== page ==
Ketogenic Diet vs Atkins Diet: Which is Better?

AtkinsThe Ketogenic Diet vs Atkins: 

The concept of a low-carb diet is not all that new. In fact, the ketogenic diet was first used clinically as a treatment for epilepsy in the 1920’s. While our understanding of why these kinds of diets can have such profound benefits is still evolving, there are naturally many misconceptions that revolve around them. The Ketogenic Diet vs Atkins is one of the most common differentiations I am asked to make.

In reality, these two styles of eating are very similar. There are however, a few minor details that make them drastically different from one another.

What is Atkins

The Atkins diet was pioneered in the 1970’s by Dr. Robert Atkins who was an American cardiologist. It emphasized an eating style that was low in sugar and carbohydrates (at least for a period of time) with the majority of calories coming from fats and proteins.

The Atkins diet grew a massive following as many people reported rapid weight loss and increased energy from cutting carbohydrates from their diets. This diet is generally laid out in phases that call for a slight variation in eating practices, typically revolving around the amount of carbohydrates you are allowed to eat in a day.

In general, there is very little mentioned about protein or fat intake in the Atkins diet. I will go into the significance of this later in the article.

Phases of Atkins

The Atkins diet consists of 4 phases (1):

Phase I consists of a very low carbohydrate intake, 20-25 or less grams per day. This phase promotes a drop in blood glucose which eventually signals the body to burn fat for energy (ketosis). During this time, there will also be a rapid loss of retained body water followed by fat loss.

Phase 2 allows for up to 50 grams of carbohydrate per day. You start by adding 5 grams per day while monitoring your weight closely. This is meant to help you find a carbohydrate threshold where you can continue to lose weight.

Phase 3 allows for slightly more carbohydrates per day, up to 80 grams. In this phase, you add in 10 additional carbohydrates daily each week. You continue to monitor your weight to see if you reach a threshold where you begin to regain weight.

Phase 4 is when you have reached a target weight and have settled on a carbohydrate intake that does not promote additional weight gain. This is the maintenance phase where you remain for the rest of your life if you continue to follow the Atkins plan.

Benefits of Atkins 

The Atkins diet provides a number of apparent benefits, likely due to its low-carb nature. In fact, the Atkins diet has many of the same benefits of a Ketogenic diet. In my opinion, a ketogenic diet may provide more sustainable and profound benefits simply due to its intention to get the body into a state of ketosis.

In addition to weight loss, the Atkins Diet may offer someone:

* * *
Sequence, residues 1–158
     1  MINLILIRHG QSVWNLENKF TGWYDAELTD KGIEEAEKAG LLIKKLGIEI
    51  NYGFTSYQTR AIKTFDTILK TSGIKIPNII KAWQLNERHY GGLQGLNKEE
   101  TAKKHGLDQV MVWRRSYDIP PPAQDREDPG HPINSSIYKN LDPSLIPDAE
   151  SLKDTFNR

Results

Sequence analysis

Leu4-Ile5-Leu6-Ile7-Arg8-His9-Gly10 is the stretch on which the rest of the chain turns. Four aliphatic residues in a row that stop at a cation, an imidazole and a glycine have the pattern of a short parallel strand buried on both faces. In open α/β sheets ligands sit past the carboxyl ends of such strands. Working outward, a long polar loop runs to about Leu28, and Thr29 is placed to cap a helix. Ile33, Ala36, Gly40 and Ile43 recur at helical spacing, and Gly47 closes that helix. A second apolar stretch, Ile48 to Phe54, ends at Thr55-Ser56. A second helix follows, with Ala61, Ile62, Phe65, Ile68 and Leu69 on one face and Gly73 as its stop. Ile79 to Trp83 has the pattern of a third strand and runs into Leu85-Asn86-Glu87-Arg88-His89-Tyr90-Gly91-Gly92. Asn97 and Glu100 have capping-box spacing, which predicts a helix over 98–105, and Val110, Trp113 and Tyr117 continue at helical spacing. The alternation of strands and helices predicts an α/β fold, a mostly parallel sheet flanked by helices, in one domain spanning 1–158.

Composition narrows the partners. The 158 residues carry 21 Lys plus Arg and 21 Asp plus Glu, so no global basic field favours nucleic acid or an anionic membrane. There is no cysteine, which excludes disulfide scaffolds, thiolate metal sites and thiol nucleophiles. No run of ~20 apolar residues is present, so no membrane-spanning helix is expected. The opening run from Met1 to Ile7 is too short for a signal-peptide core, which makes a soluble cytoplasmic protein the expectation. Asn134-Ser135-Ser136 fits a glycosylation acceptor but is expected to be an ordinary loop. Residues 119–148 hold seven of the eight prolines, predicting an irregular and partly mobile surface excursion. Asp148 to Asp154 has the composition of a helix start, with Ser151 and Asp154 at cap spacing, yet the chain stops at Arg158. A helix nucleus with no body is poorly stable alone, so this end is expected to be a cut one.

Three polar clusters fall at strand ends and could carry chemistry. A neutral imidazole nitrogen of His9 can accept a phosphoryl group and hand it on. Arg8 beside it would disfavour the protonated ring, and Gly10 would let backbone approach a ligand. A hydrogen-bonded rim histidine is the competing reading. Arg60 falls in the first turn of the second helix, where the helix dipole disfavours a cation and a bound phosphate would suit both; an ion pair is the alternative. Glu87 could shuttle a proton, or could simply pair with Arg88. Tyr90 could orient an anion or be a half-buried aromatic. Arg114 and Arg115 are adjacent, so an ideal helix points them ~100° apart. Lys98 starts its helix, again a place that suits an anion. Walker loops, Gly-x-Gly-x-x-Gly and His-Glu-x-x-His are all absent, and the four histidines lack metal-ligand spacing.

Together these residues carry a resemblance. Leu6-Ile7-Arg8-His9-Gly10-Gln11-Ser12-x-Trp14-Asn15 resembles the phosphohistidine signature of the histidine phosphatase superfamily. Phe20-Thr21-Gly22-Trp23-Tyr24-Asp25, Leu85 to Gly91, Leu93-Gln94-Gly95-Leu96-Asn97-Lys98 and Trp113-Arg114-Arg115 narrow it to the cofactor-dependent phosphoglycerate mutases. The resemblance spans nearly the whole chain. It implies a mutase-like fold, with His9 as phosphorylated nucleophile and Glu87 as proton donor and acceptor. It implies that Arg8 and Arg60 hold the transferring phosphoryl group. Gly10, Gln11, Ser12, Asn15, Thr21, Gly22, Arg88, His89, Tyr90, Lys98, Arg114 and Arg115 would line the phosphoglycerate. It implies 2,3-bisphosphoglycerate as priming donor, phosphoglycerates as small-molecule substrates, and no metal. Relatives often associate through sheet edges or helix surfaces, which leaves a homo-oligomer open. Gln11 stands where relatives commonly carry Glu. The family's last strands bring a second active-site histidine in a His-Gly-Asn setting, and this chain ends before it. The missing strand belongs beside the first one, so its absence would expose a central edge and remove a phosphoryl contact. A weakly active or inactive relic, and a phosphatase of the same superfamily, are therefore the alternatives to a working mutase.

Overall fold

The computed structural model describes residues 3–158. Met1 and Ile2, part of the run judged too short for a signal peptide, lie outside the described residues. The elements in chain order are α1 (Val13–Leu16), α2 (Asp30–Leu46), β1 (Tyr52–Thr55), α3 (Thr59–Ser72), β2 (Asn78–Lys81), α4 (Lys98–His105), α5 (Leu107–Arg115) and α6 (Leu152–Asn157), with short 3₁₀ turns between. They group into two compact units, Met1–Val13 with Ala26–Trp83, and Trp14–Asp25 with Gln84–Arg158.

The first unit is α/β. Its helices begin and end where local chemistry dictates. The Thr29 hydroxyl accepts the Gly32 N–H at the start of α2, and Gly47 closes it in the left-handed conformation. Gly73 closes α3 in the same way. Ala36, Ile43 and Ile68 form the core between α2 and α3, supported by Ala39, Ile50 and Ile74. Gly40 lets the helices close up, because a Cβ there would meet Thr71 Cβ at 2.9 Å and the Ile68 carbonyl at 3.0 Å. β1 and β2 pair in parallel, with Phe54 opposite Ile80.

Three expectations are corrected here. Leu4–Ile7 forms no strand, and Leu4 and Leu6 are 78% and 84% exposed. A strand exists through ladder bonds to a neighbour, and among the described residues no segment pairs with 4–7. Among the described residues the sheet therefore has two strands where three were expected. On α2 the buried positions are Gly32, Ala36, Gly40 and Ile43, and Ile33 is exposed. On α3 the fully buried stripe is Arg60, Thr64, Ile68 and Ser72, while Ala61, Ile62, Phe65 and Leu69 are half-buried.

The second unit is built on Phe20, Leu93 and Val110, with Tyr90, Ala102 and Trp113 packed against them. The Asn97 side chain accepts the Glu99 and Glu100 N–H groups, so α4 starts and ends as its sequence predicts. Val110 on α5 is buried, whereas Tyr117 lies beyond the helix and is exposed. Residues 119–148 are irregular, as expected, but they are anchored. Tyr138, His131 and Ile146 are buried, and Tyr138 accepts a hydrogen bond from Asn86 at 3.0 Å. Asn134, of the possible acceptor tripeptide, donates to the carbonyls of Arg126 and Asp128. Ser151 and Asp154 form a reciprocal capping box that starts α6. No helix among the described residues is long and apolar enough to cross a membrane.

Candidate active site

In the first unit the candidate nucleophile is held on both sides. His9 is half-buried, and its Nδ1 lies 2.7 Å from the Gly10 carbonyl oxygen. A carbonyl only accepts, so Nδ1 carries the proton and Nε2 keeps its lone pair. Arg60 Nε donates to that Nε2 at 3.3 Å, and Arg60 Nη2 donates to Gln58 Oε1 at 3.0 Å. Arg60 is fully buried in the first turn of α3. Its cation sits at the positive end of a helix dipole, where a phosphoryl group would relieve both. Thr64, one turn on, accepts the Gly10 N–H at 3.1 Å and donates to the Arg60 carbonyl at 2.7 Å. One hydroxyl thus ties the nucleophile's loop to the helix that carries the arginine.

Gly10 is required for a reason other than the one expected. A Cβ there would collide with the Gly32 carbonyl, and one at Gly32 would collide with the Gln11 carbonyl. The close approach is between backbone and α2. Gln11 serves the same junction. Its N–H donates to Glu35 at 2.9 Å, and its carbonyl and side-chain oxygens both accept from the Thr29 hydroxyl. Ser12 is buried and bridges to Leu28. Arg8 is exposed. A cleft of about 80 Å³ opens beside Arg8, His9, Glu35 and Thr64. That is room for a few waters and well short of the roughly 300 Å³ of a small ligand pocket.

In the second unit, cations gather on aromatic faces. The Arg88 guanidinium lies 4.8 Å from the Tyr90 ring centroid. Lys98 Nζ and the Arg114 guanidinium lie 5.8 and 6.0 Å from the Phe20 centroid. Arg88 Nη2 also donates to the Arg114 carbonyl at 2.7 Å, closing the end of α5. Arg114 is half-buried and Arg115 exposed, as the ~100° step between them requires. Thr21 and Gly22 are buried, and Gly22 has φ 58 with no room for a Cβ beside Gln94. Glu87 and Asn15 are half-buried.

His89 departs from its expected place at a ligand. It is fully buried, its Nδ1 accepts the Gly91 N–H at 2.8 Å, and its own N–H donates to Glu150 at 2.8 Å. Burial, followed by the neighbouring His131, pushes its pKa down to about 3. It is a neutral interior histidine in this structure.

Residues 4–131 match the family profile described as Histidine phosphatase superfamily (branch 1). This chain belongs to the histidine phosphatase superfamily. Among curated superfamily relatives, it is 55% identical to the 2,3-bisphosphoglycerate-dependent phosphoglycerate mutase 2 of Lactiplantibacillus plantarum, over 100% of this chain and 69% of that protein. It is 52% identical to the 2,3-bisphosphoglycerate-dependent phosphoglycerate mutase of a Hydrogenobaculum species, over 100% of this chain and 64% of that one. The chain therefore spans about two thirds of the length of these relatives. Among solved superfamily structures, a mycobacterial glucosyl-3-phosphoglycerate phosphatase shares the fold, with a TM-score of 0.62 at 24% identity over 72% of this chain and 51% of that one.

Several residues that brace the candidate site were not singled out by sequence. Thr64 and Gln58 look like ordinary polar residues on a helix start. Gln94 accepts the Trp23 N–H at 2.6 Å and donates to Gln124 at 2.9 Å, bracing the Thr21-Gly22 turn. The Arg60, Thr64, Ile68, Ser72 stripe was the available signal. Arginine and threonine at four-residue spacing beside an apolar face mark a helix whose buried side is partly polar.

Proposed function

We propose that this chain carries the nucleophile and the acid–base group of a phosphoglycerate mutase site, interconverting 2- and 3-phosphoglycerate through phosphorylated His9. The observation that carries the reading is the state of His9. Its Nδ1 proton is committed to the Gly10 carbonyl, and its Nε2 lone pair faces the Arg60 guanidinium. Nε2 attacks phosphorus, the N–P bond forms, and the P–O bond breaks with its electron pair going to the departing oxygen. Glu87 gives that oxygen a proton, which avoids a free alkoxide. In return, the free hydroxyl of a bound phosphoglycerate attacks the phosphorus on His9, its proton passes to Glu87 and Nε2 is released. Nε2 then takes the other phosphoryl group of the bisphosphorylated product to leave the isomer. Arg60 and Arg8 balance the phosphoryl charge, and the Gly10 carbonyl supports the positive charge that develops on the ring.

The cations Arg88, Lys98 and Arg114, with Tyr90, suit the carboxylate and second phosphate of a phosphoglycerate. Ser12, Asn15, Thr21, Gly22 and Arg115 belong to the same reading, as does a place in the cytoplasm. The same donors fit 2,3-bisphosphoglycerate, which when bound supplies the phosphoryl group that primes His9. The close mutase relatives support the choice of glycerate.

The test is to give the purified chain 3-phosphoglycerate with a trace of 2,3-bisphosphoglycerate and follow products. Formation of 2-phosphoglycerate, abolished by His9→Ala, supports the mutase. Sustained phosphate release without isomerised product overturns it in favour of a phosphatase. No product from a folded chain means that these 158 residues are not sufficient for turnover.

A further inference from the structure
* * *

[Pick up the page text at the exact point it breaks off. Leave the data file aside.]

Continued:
• Prevention and Treatment of Type II Diabetes – Stabilization of blood sugar (2)
    • Balanced Cholesterol Levels (3)
    • Reduced Risk of Neurological Disorders (especially when combined with antioxidants and fish oils)(4)
    • Improvement in Metabolic Syndrome

Recent Trends & Issues

While reducing carbohydrate intake is certainly a great decision for your health, there are certain aspects of Atkins that make it come up short. While there are certainly ways to make an Atkins diet better, most people I have come across are missing out on key factors for their health.

Processed Foods: Atkins has come out with a series of low-carb snack foods and shakes that, quite frankly, are not all that healthy. While they may seem nutritious on the surface, they are actually loaded with processed dairy, genetically modified vegetable oils and additives, artificial sweeteners, and low-quality synthetic vitamins and minerals.

Vegetable Intake: The emphasis on vegetable intake is quite low on the Atkins diet. While this can technically be the case for any diet, the style of eating I recommend emphasizes consuming large and regular portions of many different types of vegetables. These contain valuable vitamins, minerals, antioxidants, and fiber that you will not get from other foods.

Protein: A common misconception is that, as long as you are not consuming many carbs, you can eat as much protein and fats as you want. Well, consuming high amounts of protein can actually promote an acidic balance in the body which is extremely stressful on your physiology. Acidic conditions are associated with fatigue, fibromyalgia, chronic inflammation, osteoporosis, and even cancer.

To me, the greatest benefits of a low-carb diet come from burning fat as a primary energy source instead of sugar. If you are consuming unlimited amounts of protein and not enough fats, then maintaining this fat burning state may not be as easy. This is because excess proteins will be converted into glucose via a process called gluconeogenesis.